Obamacare Is A Terrible Jobs Progam

doctor-with-family(A version of this Health Alert was published by American Thinker.)

As congressional Republicans embark on their promise to repeal and replace President Obama’s signature Affordable Care Act, they are being overwhelmed by claims that imply it’s a jobs program.  Scholars affiliated with the Milken Institute School of Public Health at George Washington University estimate Obamacare repeal would kill 2.6 million jobs by 2019.  Almost a million jobs would be lost from health services, while the balance would be lost in construction, real estate, retail, finance, and insurance.

Unfortunately, such research relies on the so-called “multiplier effect,” a politically seductive but misleading type of voodoo economics.  It goes like this: Obamacare throws money at hospitals, doctors’ offices, and other health services.  Those recipients build new facilities and hire more workers, who spend their paychecks in their communities.  It is the same kind of research that developers seeking taxpayer-subsidized stadiums commission – and it is meaningless.

If Congress just sent a fleet of helicopters to scatter banknotes from the sky, the same “multiplier effect” would take place: people would pick the money up and spend it.  Businesses located near the drop zones would profit, hire, and expand.  However, jobs and the economy would not grow, because the effect would be a mix of inflation and reduced spending in areas away from the drop zones.

Worse, because this type of spending is politically motivated, it is usually demanded by industries which resist productivity improvements.  Last July, Dr. Bob Kocher, a venture capitalist who served as a special assistant to Obama when Obamacare was crafted, lamented that just over half of health service workers are administrators, up from just over one third before Obamacare.

Further, health services do not need Obamacare to add jobs.  The sector is recession-proof.  Nonfarm civilian employment peaked in January 2008 (at 138.4 million jobs) and bottomed out in February 2010 (at 129.7 million jobs).  Jobs were lost in 24 of those 25 months.  Nonfarm civilian employment did not cross the January 2008 threshold until May 2014.  And that recovery was not smooth: from June through September 2010, 289,000 jobs were lost in a jobs mini-bust.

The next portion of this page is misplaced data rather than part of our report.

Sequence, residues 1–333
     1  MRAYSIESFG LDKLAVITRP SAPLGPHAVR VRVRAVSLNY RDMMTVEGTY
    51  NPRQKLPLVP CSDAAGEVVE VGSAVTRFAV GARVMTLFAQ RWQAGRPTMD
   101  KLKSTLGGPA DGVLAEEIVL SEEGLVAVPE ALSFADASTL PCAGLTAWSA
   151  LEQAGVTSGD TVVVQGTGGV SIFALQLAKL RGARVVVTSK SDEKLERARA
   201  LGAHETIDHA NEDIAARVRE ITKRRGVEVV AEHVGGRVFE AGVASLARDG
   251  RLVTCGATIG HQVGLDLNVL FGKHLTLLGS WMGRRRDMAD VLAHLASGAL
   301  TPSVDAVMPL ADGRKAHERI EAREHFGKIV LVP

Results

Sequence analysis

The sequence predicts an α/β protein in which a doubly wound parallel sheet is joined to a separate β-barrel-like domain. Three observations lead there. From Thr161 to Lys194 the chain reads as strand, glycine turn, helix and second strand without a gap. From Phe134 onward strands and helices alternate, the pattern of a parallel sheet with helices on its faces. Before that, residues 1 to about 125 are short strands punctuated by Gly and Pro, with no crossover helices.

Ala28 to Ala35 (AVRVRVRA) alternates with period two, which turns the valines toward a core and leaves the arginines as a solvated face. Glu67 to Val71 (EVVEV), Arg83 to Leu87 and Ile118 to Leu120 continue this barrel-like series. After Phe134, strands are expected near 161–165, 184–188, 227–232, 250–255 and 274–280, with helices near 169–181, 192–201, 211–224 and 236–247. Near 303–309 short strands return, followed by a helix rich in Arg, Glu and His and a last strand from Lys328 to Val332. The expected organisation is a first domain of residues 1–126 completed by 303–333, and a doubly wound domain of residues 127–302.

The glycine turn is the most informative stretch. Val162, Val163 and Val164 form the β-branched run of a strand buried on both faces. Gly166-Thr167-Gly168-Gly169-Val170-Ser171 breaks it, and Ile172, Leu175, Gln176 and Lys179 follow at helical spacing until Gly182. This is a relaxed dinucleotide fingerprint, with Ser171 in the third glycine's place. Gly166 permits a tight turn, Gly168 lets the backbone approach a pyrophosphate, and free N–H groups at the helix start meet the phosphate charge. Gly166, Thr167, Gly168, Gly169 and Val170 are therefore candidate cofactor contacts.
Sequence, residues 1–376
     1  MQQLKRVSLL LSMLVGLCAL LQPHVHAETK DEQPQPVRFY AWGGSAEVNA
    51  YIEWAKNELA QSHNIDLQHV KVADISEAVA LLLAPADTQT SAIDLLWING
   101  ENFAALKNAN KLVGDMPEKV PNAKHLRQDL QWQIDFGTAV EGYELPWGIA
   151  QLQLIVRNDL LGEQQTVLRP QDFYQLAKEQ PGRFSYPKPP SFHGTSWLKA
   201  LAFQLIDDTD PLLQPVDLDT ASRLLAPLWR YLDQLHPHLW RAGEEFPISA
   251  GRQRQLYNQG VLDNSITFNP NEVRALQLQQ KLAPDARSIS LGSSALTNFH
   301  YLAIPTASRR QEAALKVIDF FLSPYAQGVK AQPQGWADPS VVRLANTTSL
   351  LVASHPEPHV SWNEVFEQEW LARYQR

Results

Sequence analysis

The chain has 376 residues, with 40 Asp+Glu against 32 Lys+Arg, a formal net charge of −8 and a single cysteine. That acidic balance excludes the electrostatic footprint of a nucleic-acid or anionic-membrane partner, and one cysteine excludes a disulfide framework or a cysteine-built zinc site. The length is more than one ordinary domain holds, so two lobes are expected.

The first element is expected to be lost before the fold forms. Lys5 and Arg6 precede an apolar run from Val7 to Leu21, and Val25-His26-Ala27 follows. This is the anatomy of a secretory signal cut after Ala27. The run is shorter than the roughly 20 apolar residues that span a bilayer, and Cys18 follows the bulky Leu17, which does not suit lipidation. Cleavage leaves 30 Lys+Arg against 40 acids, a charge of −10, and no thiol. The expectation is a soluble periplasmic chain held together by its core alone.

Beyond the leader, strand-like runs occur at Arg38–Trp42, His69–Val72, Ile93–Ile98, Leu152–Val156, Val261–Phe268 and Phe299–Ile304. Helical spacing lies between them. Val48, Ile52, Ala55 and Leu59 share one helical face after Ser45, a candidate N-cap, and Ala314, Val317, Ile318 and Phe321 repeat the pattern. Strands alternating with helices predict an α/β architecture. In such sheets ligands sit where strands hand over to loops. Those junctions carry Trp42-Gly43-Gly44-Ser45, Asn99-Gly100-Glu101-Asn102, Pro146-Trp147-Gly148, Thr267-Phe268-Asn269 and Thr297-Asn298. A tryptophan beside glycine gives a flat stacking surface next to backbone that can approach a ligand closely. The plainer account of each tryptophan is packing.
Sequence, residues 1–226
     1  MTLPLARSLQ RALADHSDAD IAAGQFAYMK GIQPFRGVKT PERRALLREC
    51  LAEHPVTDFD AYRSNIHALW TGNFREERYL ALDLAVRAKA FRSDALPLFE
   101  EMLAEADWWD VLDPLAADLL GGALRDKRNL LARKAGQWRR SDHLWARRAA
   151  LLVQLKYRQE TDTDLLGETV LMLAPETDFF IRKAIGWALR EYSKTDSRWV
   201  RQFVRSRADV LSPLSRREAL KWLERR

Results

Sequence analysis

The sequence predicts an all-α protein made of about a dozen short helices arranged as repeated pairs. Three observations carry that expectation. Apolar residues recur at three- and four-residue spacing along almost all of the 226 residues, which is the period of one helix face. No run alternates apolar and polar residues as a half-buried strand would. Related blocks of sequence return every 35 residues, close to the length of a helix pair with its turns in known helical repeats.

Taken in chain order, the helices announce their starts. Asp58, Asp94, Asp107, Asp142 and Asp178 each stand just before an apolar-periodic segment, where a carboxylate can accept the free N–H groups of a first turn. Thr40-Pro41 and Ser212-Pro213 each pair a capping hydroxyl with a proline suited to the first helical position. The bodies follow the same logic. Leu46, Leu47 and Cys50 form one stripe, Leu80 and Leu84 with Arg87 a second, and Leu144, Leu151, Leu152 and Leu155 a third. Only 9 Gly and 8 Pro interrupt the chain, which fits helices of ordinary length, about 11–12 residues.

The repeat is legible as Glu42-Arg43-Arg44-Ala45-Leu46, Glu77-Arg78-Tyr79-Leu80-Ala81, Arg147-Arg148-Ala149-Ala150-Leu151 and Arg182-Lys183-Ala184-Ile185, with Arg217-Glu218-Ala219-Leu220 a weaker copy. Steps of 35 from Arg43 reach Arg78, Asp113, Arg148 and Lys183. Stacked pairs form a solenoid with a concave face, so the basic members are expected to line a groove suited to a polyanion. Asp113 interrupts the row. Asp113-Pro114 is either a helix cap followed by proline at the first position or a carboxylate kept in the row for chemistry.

However, there was no recession in health services.  Indeed, over half a million such jobs were added between January 2008 and February 2010.  In other words, health services added jobs while the Great Recession destroyed 9.25 million other nonfarm civilian jobs before the Affordable Care Act was passed in March 2010.

But Obamacare has skewed the American workforce toward health services.  This persists now that the economy has recovered.  By December 2016, the United States had added 6.87 million jobs to the previous peak in January 2008.  However, 2.59 million jobs are in health services, which grew by 20 percent.  All other nonfarm jobs grew only 3.42 percent, adding 4.29 million jobs.  Health services accounted for 38 percent of all jobs added from the January 2008 peak through the end of last year.  And this counts only private health services, not insurers and other middlemen or government employees added by Obamacare.

Republican politicians need to accept the fact that some industries can have too many workers and that health services is surely one of them.

Workers and businesses outside health care are paying the price for Obamacare with sluggish job and wage growth.  Health reform that focuses on patients’ needs, not preserving health service jobs fattened by Obamacare, will also help the rest of the economy.

Comments (14)

Trackback URL | Comments RSS Feed

  1. Lee Benham says: